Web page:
We recently had a bearish Put Debit Spread (some of you may know this as a Vertical Put Spread) trade recommendation in ETF Tradr that I wanted to do a little post-mortem on today. On the first half of the trade we (myself and Andrew Hart co-manage this premium advisory program) took 43% profits in one day, and we closed the remainder of the trade for 100% profits on Thursday.
Actual iShares MSCI Brazil Index EWZ Trade on ETF Tradr Position Table
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The trade signal was based on our Daily ETF Tradr system, which incorporates a smoothed optimized Stochastics (similar, but a bit different than Percent R), Exponential Moving Averages, and Negative Volume Index. We focus on a key group of less than 30 liquid ETFs in a variety of manners — with special attention paid to having ETFs in the screen list that differ in terms of trading performance (aka don’t all move in tandem).
Anyway, our bearish EWZ signal was confirmed for February 2. We decided to go for a February Debit Spread on EWZ, rather than just a straight Put Purchase, due to the higher price/higher volatility of the ETF and its options. Selling a lower Put against the one we purchased lowers the overall out-of-pocket cost and also basically gives us a synthetic entry point below the intrinsic value of the higher Put.
(Click to enlarge)
We received an excellent question from a subscriber on the day of the trade about why we chose to do this Debit Spread instead of a straight Put purchase — here was some of my response that went to all the ETF Tradr subscribers in the Daily Portfolio Update.
From the February 2, 2011 ETF Tradr Portfolio Update:
"We had a great subscriber question today about why we chose to do a Debit Spread on EWZ rather than just buying the Feb 78 Put and other aspects of the trade — here is some of the trade choice rationale for all of our ETF Tradr clients: First, if you are unable or do not desire to trade the spreads, you are welcome on your own to purchase a single option outright when those recommendations come in (but for auto-traders it will be executed as listed on the alert).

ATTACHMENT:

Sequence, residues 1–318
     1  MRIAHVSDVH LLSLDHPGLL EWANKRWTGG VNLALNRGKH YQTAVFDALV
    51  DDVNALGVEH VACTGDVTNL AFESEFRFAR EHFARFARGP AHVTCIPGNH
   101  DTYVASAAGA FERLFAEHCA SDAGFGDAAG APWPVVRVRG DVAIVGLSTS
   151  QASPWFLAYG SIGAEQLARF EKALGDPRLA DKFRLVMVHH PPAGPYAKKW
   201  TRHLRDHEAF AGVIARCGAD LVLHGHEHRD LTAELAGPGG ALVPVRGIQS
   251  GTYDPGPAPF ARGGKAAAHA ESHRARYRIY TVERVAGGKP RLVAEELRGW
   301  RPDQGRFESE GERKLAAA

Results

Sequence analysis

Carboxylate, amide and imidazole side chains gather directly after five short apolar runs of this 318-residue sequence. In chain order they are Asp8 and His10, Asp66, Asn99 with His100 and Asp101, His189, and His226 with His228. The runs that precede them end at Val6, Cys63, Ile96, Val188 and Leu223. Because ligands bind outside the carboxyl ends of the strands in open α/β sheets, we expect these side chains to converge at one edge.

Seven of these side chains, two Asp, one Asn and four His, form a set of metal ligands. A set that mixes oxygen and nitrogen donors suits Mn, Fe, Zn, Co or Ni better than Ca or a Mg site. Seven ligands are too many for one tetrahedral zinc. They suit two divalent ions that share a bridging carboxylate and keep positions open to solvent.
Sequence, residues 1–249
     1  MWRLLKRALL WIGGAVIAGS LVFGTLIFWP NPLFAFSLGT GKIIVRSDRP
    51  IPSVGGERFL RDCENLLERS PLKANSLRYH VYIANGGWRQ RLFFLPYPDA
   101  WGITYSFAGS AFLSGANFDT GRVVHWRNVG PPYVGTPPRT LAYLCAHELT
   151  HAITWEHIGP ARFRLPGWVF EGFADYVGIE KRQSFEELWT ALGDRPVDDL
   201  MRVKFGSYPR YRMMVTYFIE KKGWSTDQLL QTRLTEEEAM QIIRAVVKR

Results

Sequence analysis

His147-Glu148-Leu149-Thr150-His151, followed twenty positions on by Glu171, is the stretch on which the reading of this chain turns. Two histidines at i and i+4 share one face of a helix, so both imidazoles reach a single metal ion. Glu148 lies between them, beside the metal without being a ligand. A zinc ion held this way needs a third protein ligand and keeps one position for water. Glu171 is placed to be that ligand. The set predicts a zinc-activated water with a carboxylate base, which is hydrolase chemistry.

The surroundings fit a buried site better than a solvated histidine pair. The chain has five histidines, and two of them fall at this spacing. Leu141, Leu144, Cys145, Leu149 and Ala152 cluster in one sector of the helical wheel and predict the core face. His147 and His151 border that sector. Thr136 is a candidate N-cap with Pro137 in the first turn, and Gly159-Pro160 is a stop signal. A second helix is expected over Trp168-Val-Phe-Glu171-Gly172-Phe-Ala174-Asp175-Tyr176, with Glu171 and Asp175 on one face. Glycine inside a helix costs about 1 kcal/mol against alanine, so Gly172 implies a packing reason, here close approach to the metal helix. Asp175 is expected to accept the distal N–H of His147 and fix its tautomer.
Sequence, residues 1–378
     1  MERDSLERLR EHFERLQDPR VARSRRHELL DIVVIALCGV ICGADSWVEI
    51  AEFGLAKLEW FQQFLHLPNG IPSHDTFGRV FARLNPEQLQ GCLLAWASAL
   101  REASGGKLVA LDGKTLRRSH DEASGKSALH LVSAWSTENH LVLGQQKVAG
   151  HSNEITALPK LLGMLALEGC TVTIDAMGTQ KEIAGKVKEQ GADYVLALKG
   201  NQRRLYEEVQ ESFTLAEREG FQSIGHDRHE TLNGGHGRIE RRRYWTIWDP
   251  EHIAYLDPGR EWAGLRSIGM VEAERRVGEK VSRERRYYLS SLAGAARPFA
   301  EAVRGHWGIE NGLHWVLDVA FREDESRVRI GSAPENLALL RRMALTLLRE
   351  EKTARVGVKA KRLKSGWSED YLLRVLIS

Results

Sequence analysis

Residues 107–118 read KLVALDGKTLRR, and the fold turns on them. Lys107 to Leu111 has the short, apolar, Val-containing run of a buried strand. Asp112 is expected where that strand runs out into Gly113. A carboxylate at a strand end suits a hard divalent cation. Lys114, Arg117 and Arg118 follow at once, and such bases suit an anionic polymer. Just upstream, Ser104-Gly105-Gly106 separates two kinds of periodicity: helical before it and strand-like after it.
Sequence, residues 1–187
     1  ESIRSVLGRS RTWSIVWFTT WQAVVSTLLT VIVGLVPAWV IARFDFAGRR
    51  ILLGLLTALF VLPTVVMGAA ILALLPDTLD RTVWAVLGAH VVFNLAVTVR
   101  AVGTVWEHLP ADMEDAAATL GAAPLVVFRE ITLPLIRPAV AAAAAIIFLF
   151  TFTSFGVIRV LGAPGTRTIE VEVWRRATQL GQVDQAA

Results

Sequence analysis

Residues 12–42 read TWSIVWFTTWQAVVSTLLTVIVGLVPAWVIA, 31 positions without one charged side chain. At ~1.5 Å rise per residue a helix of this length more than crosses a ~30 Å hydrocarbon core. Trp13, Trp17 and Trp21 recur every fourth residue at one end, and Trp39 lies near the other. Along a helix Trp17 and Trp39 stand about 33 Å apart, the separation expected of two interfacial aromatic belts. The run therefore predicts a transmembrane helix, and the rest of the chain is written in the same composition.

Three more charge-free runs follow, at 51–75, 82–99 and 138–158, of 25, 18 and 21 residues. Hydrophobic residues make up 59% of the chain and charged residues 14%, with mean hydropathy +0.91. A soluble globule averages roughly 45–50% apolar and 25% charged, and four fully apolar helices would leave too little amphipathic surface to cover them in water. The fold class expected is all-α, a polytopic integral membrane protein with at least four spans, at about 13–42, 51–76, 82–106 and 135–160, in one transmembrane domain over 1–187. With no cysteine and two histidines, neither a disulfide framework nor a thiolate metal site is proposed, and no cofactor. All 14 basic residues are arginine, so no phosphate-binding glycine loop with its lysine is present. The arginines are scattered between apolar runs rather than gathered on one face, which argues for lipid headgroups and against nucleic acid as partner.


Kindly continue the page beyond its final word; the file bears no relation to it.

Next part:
Now, in this case, this is higher priced and more volatile ETF as we mentioned, so first off we lower the cost out-of-pocket by simultaneously buying one Put and selling another against it in 1 spread trade. In today’s trade we lowered the cost of the trade by over 10% by doing the Spread vs the straight Put. Now, we have limited our maximum profit on the trade by doing this … the most this spread can be worth is $8 (78 minus 70 spread) — however, with only paying $3.20 for the spread, our maximum profit is still a very healthy 150% or $4.80 (8 minus 3.2).
Additionally, we lowered the " cost of our bearish entry level on this position to about 74.8 (based on the average price our auto-traders were filled of 3.2), while EWZ was at the time at 74.83 or so. So basically the spread allowed us to the do the trade for no time premium in the options – and we like that. As far closing out the trade … these spreads should be done as 1 single trade. So when we close it out, we close out both legs also as a single trade.
This one moved quickly in our favor and is already over 20% + profitable as of today’s prices. If EWZ moves right down to the 70 level, a spread could potentially get a bit trickier than a normal Put, depending on how far we are from Expiration … but the premium on the 70 Put that we sold will eventually erode, and there is very little premium on the 78 Put that we purchased.
Just a few educational notes on our perspective of why spreads are very attractive at times and are a part of the current ETF Tradr portfolio."
So basically with Debit Spreads (our preferred method is to buy a deep in-the-money ITM option and sell an at-the-money ATM or out-of-the-money OTM option), you can make a strong profit (but the maximum gain is less than outright Call/Put purchase), lower your $ out-of-pocket cost, and get into a position for little or no time premium. There is risk on virtually every options trade, of course, no matter what strategy you employ.